I will be presenting the case that our present coronavirus pandemic is being used by the few who are misgoverning us as a cover for actions that will further advance their move towards oligarchy. 

Thanks to the Guardian cartoonist for this cutting edge piece, pointing the way to oligarchy. 

I will also be saying that their moves must be challenged and resisted. 

Our planet is teetering on the edge of a climate catastrophe. Over the next five years, the leaders of the

Friday 5 March 2021


A YouGov survey yesterday gave the Tories a 13 point lead. Amazing the power in a dose of AstraZeneca or Pfizer vaccination fluid. These drugs seem to have been manufactured with an extra ingredient that leaves those vaccinated with significant memory loss. 

How can so many have forgotten that this misgovernment from which we suffer was responsible in the first place for our pandemic?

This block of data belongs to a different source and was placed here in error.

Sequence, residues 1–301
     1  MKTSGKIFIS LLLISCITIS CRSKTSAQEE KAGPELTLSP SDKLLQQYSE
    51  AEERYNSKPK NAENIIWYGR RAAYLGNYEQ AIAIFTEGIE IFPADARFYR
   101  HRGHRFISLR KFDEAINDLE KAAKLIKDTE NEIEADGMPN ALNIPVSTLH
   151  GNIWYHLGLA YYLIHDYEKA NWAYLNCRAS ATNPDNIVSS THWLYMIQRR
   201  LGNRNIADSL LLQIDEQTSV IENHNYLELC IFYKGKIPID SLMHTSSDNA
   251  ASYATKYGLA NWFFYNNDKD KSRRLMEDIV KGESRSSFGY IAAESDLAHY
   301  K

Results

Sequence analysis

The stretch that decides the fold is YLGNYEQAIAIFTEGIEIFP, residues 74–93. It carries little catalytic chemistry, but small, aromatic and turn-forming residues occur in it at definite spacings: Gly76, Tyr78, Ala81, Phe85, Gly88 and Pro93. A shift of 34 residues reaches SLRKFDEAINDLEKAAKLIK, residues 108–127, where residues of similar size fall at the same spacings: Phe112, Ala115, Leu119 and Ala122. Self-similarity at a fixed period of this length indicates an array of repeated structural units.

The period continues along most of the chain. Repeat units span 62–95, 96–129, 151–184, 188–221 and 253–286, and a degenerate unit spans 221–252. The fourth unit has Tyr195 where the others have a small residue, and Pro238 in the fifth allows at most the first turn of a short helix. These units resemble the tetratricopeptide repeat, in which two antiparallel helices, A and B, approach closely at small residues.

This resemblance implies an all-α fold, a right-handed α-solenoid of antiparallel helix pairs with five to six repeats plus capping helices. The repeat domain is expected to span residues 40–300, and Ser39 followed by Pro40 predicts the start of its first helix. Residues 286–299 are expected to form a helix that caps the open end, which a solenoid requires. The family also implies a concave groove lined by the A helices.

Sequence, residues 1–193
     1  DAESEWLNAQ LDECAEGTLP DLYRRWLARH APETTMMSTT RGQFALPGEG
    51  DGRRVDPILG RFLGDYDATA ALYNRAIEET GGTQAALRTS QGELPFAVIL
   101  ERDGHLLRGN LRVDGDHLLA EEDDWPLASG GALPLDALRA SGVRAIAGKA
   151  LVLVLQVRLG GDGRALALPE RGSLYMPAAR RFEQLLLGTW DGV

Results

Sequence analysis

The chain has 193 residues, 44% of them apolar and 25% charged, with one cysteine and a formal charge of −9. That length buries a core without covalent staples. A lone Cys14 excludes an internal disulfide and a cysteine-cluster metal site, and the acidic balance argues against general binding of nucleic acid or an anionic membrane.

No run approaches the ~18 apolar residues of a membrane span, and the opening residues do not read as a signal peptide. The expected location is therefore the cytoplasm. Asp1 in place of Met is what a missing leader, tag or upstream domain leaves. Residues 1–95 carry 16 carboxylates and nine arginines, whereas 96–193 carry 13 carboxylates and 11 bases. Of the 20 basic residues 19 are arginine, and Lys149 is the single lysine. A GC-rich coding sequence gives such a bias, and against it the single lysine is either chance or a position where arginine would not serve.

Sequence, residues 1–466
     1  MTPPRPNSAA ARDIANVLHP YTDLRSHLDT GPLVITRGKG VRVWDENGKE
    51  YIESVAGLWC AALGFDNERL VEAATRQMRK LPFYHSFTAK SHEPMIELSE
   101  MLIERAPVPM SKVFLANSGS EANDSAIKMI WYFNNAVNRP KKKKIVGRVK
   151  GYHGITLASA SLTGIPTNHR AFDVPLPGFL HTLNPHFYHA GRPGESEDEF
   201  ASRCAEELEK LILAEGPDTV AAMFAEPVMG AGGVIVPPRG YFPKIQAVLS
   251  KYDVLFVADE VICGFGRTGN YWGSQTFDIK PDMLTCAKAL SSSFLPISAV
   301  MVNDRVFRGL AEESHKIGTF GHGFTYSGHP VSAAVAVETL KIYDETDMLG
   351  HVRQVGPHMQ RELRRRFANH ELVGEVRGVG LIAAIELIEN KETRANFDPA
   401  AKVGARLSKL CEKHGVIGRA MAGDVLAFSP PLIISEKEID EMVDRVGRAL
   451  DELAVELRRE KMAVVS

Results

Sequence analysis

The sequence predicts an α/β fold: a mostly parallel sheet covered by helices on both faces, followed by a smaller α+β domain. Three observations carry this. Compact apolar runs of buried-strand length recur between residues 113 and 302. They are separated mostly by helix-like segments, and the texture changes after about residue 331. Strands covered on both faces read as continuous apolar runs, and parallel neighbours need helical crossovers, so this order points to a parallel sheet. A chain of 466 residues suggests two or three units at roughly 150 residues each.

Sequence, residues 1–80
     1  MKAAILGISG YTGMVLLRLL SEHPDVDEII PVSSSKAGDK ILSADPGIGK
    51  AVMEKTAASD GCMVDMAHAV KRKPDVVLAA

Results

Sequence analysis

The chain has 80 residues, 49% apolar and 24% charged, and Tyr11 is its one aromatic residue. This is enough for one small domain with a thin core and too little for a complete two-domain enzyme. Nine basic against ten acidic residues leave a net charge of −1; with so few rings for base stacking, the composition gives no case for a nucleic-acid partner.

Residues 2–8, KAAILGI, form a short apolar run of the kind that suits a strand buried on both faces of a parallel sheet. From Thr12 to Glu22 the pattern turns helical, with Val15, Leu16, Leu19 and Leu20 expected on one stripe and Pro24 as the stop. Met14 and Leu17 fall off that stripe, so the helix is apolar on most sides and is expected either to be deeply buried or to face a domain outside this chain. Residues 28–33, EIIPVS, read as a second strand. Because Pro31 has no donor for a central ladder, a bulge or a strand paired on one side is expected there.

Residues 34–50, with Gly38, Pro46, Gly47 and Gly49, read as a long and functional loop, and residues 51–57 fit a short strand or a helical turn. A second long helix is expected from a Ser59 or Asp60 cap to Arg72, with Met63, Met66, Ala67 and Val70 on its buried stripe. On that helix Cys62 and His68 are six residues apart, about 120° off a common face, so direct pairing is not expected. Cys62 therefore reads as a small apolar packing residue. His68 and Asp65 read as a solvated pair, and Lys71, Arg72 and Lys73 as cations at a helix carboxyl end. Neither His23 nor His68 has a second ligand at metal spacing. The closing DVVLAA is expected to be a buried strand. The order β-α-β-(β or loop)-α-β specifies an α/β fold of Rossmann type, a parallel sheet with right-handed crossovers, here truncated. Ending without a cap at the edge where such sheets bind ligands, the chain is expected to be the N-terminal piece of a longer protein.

Their leader and his lackeys decided to put the power of the market and the pursuit of profit before the lives of people. Johnson and Co chose to do what Jacinda Ardern, the PM in New Zealand. called 'the unthinkable'. They pursued a policy of herd immunity and some leading scientists colluded with them. As a result, we soon suffered one of the three worst per capita death rates from COVID-19 in the world - and that terrible indictment of this apology of a government continues. We have had approaching 150,000 fatalities from the virus; in New Zealand, the figure is less than 30. 

New Zealand international rugby back in action - full house - no masks - summer 2020

Jacinda Ardern effectively naming the 'unthinkable' - the policies of Mr B. Johnson of UK infamy

How can so many have forgotten that we are experiencing the deepest recession of any G7 nation?  (I should express my gratitude at this point to Mirror Politics who this morning inspired this post and helped frame its structure.)

How can so many have forgotten that the arrival of new mutations in the COVID-19 virus has